November 2022 E-Update


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What Employers Need to Know About the New “Speak Out Act’s” Prohibitions on Nondisclosure and Nondisparagement Provisions

Congress has passed and President Biden is expected to sign the “Speak Out Act” into law, thereby prohibiting nondisclosure and nondisparagement provisions in pre-dispute employment agreements. While symbolic, the practical effect of this law for employers is quite limited. For more, click here.

NLRB General Counsel Targets Employers’ Use of Electronic Monitoring and Algorithmic Management Technologies

National Labor Relations Board (“NLRB”) General Counsel (“GC”) Jennifer Abruzzo announced that she will crack down on employers’ increasing use of automated technologies and electronic management systems. For more, click here.

Remote Work May Be a Reasonable Accommodation Where the Employee Has Been, Well, Working Remotely

In the context of the COVID-19 pandemic, many employees suddenly began working remotely – and as we move into a new normal, many employees would like to continue telecommuting. For more, click here.



Federal Agencies Partner on New Anti-Discrimination Resources for Veterans. In connection with Veterans’ Day, the Equal Employment Opportunity Commission (EEOC), the U.S. Department of Labor’s Office of Federal Contract Compliance Programs (OFCCP) and Veteran’s Employment and Training Service (VETS), and the Department of Justice Civil Rights Division have issued an omnibus resource, “Protections Against Employment Discrimination for Service Members and Veterans,” to help veterans and service members determine which laws and federal agencies are responsible for enforcing their workplace rights and where to seek assistance if they believe those rights have been violated. For more, click here.

FMLA Notice Requirements for Employees. Employers may require employees to comply with both the Family and Medical Leave Act’s regulatory notice requirements and the company’s policy notice requirements, and a recent case from the U.S. Court of Appeals for the Sixth Circuit provides guidance on both. For more, click here.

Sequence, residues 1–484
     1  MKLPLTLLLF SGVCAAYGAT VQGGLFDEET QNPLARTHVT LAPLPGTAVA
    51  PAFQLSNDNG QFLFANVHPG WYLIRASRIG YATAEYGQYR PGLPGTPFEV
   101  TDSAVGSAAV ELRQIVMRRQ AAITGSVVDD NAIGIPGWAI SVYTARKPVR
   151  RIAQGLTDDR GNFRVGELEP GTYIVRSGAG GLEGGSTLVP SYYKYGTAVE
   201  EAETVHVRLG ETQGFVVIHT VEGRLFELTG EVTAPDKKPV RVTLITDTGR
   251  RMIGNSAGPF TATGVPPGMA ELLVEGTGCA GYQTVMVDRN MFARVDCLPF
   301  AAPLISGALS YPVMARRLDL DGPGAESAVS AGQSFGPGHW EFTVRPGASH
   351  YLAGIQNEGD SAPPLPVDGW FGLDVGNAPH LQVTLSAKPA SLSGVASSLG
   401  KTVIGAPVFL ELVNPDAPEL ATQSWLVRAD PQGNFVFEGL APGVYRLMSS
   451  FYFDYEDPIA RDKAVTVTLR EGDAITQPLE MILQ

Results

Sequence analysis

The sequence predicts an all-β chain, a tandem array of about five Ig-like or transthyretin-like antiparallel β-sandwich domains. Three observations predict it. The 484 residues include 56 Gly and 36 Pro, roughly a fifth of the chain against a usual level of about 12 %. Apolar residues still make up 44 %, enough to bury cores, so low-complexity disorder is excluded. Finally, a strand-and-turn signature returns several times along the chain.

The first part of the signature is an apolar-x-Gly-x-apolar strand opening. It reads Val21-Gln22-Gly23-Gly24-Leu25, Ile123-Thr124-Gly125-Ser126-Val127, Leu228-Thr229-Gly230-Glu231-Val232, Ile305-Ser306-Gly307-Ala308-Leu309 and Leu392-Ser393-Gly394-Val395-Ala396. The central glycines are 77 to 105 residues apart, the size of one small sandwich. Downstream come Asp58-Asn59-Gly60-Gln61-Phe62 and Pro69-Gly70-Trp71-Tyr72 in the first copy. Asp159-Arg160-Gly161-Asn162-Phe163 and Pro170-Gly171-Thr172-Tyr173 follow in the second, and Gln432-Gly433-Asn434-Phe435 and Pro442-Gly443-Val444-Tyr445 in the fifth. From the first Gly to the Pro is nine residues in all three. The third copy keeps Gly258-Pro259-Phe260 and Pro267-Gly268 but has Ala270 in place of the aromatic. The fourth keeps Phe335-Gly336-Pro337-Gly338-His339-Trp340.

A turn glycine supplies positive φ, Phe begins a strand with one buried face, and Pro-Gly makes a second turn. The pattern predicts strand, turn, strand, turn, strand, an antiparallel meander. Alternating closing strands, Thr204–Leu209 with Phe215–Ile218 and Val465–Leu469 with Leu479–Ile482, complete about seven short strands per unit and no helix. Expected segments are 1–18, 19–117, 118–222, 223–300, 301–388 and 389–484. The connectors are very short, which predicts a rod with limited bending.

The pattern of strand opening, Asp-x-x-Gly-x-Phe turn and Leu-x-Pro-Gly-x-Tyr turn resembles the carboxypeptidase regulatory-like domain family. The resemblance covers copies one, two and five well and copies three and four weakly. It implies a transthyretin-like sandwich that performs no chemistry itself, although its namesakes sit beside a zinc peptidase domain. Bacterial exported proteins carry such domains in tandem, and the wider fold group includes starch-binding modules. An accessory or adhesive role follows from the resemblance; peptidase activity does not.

An Employee’s Mental Health Condition Does Not Necessarily Prevent Their Release of Claims. The U.S. Court of Appeals for the Second Circuit rejected an employee’s argument that she lacked the mental capacity to sign the separation agreement that contained a release of claims against her employer. For more, click here.

A Discrimination Complaint Does Not Protect the Employee from All Adverse Employment Actions. While employees are protected from retaliation for making a discrimination complaint, they are not automatically insulated from all adverse employment actions, and can be held accountable for separate misconduct, as the U.S. Court of Appeals for the Eighth Circuit recently held. For more, click here.

Do Not Retaliate for EEO Complaints Against a Former Employer.  It might seem reasonable that an employer might not want to hire someone that they know has sued a prior employer. For more, click here.

When Transfer Is Not Required Under the ADA.  Transfers to another job position may be a reasonable accommodation under the Americans with Disabilities Act, but a transfer is not required under all circumstances, as the U.S. Court of Appeals for the Eleventh Circuit recently explained. For more, click here.

When Is the Accommodation Duty Triggered? The U.S. Court of Appeals for the Eleventh Circuit addressed this question under the Rehabilitation Act (which applies to federal agencies, contractors and subcontractors, but applies the same standards of analysis as the Americans with Disabilities Act), stating, “The type and extent of information that an employee must provide will depend, of course, on the particulars of the case.” But there are general rules that will apply. For more, click here.

TOP TIP: Recreational Marijuana in Maryland? What Employers Need to Know

Voters in Maryland approved recreational marijuana (which Maryland refers to as “cannabis”). While many employees may be happy about this development, employers are perhaps not quite so excited – and may be confused about what that actually means for the workplace. While there are still many questions related to the actual implementation of this initiative, we provide some preliminary answers below. For more, click here.